The delicacy with which this is put actually cracked me up. Yeah, it's JPod, that icon of rhetorical restraint:

Sarah Palin has become a very important person in the United States. Important people have to speak with great care, because their words matter more than the words of other people. If they are careless, if they are sloppy, if they are lazy about finding the right tone and setting it and holding it, they will cease, after a time, to be important people, because without the discipline necessary to modulate their words, those words will lose their power to do anything but offer a momentary thrill either pleasurable or infuriating. And then they will just pass on into the ether.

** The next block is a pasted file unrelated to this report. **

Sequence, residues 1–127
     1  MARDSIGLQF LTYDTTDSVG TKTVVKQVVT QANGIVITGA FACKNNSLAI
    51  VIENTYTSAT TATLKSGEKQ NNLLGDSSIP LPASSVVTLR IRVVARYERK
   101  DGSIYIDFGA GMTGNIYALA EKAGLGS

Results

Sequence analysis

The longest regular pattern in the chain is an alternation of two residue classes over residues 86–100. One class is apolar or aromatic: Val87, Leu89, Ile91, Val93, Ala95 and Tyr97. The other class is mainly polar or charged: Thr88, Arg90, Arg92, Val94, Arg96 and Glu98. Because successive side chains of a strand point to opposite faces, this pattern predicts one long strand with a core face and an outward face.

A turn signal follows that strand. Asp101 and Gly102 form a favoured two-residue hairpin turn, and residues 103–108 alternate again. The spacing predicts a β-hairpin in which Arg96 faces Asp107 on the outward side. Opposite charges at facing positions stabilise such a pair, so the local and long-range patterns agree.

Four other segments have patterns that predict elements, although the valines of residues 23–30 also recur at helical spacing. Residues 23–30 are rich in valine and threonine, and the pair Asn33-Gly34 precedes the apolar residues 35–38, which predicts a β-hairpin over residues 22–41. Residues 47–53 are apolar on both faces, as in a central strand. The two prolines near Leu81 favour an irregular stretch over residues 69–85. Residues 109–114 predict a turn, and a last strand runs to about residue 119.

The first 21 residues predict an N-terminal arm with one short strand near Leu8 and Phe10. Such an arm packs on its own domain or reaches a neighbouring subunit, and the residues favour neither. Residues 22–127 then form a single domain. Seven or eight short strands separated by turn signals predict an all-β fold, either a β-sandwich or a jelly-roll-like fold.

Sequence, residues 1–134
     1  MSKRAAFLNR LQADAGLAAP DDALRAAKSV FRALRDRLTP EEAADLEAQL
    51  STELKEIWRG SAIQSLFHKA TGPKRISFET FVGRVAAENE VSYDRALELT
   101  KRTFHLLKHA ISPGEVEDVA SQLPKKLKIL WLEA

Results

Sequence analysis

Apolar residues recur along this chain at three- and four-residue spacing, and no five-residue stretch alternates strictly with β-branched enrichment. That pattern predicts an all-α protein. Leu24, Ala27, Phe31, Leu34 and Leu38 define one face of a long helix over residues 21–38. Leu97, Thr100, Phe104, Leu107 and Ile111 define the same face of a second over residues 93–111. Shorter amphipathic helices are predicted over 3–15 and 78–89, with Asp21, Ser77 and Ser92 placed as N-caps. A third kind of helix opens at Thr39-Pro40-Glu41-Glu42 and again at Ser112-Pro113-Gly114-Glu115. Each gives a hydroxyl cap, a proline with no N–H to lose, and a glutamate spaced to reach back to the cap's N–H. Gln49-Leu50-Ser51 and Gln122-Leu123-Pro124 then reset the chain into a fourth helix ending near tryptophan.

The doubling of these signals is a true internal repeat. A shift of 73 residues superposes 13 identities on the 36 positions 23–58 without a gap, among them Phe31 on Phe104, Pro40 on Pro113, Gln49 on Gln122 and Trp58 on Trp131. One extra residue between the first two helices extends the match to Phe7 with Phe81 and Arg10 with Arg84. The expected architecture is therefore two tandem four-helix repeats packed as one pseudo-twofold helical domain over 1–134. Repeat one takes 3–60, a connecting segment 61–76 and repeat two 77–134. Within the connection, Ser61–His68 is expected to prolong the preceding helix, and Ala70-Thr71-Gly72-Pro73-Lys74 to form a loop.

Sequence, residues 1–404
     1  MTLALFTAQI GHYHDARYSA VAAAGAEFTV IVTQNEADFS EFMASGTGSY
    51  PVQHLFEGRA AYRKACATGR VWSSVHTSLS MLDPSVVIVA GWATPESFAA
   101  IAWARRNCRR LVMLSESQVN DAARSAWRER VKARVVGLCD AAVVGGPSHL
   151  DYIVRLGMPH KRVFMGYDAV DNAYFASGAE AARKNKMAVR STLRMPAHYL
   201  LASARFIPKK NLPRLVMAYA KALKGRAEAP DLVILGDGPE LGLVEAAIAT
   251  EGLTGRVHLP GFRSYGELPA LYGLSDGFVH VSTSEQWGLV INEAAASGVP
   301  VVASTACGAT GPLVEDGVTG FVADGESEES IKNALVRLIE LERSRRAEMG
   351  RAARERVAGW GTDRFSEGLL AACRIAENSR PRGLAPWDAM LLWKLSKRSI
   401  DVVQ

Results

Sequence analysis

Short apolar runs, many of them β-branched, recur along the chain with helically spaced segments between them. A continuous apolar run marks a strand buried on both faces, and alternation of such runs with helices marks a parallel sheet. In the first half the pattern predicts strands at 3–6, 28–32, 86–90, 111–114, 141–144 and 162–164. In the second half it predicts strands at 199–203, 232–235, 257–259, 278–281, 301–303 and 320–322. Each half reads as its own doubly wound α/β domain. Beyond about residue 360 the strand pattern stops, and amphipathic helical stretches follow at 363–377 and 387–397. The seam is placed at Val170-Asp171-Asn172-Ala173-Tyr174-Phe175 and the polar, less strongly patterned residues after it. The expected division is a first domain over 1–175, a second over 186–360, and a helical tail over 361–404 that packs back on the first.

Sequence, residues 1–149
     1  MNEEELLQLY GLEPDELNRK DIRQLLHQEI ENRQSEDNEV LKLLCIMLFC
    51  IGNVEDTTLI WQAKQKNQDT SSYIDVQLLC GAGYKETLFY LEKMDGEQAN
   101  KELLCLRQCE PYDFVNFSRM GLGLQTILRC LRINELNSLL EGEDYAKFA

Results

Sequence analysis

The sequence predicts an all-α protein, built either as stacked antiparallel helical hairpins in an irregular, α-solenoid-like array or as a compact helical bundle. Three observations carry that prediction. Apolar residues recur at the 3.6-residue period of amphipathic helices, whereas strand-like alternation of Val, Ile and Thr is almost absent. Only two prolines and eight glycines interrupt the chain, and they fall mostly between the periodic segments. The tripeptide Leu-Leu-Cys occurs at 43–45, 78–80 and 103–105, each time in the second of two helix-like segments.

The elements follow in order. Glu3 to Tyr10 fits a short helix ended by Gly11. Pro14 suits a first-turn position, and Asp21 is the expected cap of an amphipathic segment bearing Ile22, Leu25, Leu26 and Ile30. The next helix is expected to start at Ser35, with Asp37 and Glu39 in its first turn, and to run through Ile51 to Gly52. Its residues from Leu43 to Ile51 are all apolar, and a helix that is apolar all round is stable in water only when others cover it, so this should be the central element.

If she doesn’t serious herself up, Palin is on the direct path to irrelevancy. She won’t be the second Ronald Reagan; she’ll be the Republican incarnation of Jesse Jackson.

Does JPod realize that the Dish made that analogy a long, long time ago? Back when he was touting the new Esther?

We want to hear what you think about this article. Submit a letter to the editor or write to letters@theatlantic.com.